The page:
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An overview of different learner assessment techniques

Ikram Gagaoua |

Applied to learning, assessment gives an overview of the level of proficiency or knowledge on a given skill. It is an essential step in learning that gives feedback to both the learner and the trainer on the progress to be made and the acquisition of skills. It also allows a more precise remediation of the learner’s weaknesses or gaps and therefore more beneficial. Thanks to the evolution of e-learning, many assessment techniques and algorithms have appeared, which are increasingly accurate and provide reliable and valid data. In this article, we will present these new ways of evaluating a learner’s level of proficiency for target skills using the power of artificial intelligence algorithms, and this in order to be able to industrialize the approach on the scale of groups, organizations or schools.

Positioning, to assess the current state of knowledge

Positioning is the entry point into the learning path. It is generally carried out at the beginning of the school or academic year or to evaluate the need for access to learning in a corporate environment. The purpose of positioning is to guide the learner on a path towards a well-defined objective. It also helps to identify learners’ weaknesses to offer them a personalized learning experience where they will not need to revisit concepts that have already been acquired and consolidated. There are many ways to position a learner: among them, self-positioning and CAT, which we will detail below.

Self-positioning

Self-positioning is an assessment concept where learners try to determine for themselves their gaps and acquired skills on a given subject. This allows them to take a step back from their learning paths and promotes responsibility and independence, factors that encourage engagement in the learning process. However, it is important to notice that self-positioning should be carried out in combination with another type of positioning to avoid any bias that could affect the assessment, such as the impostor syndrome, in which case learners will tend to underestimate their skills, or on the opposite, according to the Dunning-Kruger1 effect, they will tend to overestimate them, which will have the effect of altering the results.

CAT, computerized adaptive test

Computerized Adaptive Testing (CAT) is a form of assessment that adapts to the individual. It is a computer-administered test in which the next question or set of questions selected and offered to learners depends on the accuracy of their answers to previous questions. It is an iterative process with several steps, starting with an initial estimate of proficiency to find the most appropriate question taking into account the estimated level of proficiency at that time. Learners answer the question asked and from their answers a new estimate of proficiency is calculated. The steps follow each other until the estimate is at a certain level of certainty.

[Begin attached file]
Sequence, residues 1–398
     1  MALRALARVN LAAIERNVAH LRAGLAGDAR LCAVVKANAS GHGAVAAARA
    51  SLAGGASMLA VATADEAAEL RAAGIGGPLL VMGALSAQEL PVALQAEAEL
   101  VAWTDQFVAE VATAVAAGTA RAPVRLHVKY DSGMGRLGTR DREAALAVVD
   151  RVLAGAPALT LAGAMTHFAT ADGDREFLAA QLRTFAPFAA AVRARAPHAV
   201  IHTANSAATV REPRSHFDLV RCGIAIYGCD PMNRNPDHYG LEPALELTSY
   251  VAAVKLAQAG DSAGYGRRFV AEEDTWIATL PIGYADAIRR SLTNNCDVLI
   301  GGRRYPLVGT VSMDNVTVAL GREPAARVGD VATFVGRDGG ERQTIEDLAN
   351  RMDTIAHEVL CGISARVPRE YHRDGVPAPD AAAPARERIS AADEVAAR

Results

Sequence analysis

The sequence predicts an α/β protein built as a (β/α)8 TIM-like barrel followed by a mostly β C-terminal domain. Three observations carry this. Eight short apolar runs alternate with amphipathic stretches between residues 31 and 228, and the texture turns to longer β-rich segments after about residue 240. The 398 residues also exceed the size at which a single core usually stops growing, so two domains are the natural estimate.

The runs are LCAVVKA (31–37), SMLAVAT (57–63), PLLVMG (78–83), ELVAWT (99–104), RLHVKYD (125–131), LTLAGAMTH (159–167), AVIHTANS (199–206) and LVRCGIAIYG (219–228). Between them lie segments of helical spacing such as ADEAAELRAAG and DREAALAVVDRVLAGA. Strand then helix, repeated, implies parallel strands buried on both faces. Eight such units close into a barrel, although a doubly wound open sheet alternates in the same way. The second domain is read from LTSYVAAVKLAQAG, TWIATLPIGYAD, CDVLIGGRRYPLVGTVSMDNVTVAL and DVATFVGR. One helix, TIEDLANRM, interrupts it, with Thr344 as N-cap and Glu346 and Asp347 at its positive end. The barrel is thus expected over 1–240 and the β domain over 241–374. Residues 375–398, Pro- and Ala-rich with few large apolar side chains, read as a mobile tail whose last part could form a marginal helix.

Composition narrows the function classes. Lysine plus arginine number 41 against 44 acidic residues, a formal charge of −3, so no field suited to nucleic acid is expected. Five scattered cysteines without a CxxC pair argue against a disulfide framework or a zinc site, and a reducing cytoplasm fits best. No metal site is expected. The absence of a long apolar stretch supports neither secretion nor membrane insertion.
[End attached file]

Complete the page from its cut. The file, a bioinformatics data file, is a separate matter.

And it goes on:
CAT overcomes the limits of the so-called classical linear assessment, which results in an overall score in the form of a ratio of correct answers. This score does not take into account many factors such as the difficulty of the question or the learner’s real proficiency in the subject matter. A standardized test of this kind does not therefore make it possible to determine the true proficiency of the learner. The CAT has several advantages over the traditional linear assessment method: learners with a high level of proficiency are not required to answer all the easy elements of a test, they only answer the elements that really give information about their skills. On the contrary, for learners with lower levels of proficiency, only easy questions adapted to their proficiency are asked. The CAT therefore allows a more accurate measurement of the learners’ ability without wasting their time.

To better illustrate this, let’s take the example of a non-adaptive assessment in which the same set of twenty questions is administered to two different learners, the first one correctly answers fourteen questions, among his correct answers eight are easy, four of medium difficulty and two difficult. The second learner also correctly answers fourteen questions, however, of his correct answers four are easy, six medium and four difficult. These two individuals had the same final score, but do you think this test was a true measure of their ability? With a CAT assessment, the difficulty of the question is taken into account in determining the final score, so the two individuals who answered the same number of questions correctly will not necessarily have the same score.

Assessment of acquired knowledge during the learning process

IRT